Words and numbers are great for keeping track of data, but they're not so good at stirring up emotion. Photographers, on the other hand, can turn facts and figures into fear and hope.
For instance, remember that man blocking Chinese tanks after Tiananmen Square, or the naked Vietnamese girl running in terror? Those photos were more real to people than any statistic about political pressure or wartime mortality rates.
But climate change, pollution, and other environmental issues don't have their iconic photo, the thing that could affect people who aren't wearing pollution masks or running from wildfires.Part of the problem is that sustainaiblity photos focus too much on nature says Adam Corner, a psychologist and director of an organization trying to get better climate change photos.
Smokestacks, solar panels and lonely polar bears might be realistic ways to talk about the environment, but humans care more about themselves.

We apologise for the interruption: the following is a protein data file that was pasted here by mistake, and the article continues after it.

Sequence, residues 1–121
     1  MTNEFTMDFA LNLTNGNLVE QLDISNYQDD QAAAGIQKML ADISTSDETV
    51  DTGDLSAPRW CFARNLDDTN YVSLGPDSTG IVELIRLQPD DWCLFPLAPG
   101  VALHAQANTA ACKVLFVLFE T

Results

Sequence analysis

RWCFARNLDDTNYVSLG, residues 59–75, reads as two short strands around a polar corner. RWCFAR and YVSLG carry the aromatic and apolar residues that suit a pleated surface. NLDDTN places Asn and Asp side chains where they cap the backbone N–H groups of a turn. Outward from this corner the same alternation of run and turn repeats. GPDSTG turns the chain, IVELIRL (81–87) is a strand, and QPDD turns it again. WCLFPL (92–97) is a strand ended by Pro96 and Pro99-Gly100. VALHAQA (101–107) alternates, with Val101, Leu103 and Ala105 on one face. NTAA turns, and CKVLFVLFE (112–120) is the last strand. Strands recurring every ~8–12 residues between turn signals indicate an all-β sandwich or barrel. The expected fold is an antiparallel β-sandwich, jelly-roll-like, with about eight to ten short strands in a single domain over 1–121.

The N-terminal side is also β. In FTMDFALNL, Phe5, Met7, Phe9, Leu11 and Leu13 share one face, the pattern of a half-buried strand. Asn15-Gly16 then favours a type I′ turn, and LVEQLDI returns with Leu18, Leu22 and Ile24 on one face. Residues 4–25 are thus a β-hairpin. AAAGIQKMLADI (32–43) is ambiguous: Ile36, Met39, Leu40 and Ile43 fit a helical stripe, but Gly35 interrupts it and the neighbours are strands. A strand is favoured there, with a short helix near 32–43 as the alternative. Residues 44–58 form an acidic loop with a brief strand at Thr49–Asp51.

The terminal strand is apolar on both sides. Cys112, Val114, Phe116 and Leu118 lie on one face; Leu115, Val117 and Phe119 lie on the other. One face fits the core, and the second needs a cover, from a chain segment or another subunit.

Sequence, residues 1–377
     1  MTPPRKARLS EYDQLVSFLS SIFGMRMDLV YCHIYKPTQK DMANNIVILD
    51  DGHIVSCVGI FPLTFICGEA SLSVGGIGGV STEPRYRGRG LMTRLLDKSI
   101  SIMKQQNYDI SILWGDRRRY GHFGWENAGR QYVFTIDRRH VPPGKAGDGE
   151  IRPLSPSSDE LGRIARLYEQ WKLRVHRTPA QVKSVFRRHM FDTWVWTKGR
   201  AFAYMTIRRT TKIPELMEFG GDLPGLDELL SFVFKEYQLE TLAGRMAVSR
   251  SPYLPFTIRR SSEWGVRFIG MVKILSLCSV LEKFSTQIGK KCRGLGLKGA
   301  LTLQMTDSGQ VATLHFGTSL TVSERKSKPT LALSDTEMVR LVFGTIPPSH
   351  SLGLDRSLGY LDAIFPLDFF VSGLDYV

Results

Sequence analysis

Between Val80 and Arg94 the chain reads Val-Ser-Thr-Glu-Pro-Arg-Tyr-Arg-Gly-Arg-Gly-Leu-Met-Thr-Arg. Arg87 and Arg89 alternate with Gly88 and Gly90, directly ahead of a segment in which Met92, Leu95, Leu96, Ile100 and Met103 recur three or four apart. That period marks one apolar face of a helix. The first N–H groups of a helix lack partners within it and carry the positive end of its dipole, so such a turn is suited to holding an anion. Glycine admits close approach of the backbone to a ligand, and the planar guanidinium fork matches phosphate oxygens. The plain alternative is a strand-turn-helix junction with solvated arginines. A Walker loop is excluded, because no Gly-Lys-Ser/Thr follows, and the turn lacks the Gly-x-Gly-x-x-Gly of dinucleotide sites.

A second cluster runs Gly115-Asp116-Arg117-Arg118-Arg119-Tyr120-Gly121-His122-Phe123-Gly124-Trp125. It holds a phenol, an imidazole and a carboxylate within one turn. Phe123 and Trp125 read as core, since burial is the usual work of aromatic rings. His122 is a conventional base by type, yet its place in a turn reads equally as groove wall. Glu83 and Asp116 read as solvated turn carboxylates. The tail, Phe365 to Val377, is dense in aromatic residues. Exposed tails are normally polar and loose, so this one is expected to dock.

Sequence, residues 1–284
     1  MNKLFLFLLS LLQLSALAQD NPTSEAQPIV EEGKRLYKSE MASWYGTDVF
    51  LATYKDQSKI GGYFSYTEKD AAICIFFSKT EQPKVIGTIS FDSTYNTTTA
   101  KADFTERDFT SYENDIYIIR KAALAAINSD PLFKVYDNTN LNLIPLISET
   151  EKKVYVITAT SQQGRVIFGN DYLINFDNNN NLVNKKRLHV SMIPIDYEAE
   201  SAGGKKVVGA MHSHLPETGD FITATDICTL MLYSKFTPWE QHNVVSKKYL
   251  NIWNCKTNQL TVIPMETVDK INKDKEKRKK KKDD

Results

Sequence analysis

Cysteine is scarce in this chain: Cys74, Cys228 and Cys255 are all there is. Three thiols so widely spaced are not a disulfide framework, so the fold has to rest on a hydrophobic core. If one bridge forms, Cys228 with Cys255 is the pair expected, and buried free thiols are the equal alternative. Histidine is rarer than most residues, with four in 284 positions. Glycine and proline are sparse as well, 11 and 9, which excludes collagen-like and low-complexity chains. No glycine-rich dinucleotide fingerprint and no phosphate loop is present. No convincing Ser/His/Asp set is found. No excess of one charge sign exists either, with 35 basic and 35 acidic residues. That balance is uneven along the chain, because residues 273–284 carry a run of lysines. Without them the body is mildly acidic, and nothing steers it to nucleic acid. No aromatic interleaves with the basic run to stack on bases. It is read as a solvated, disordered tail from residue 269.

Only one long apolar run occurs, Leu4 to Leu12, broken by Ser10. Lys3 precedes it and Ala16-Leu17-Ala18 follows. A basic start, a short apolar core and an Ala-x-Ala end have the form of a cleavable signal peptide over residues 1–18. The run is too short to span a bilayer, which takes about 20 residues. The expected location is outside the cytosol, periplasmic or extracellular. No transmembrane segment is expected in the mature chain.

“Images without people on them are unable to tell a human story,” added Corner. In fact, a survey found that human faces in particular bring out empathy in a way nothing else does.
This may seem obvious, but I rarely use human face photos in stories that aren't directly about humans, and perhaps that's a mistake.
I have another theory too: I think meaningful photos have to show a common situation that, thanks to one or two tweaked details, looks totally alien. For instance, a group of Vietnamese children running is normal. A group of Vietnamese children running naked is strange, and strangeness attracts attention. That's why I'm using a photo of Venice underwater for this story. A couple tourists leisurely sitting outside and reading the paper is normal. Doing that while the city is underwater (thanks to one of those extreme weather events that's getting more common as more carbon gets into the air) is strange.
I'm planning on trying to do this more. So if any of you have photos that put an unexpected human face on the environment, feel free to link to it in the comments.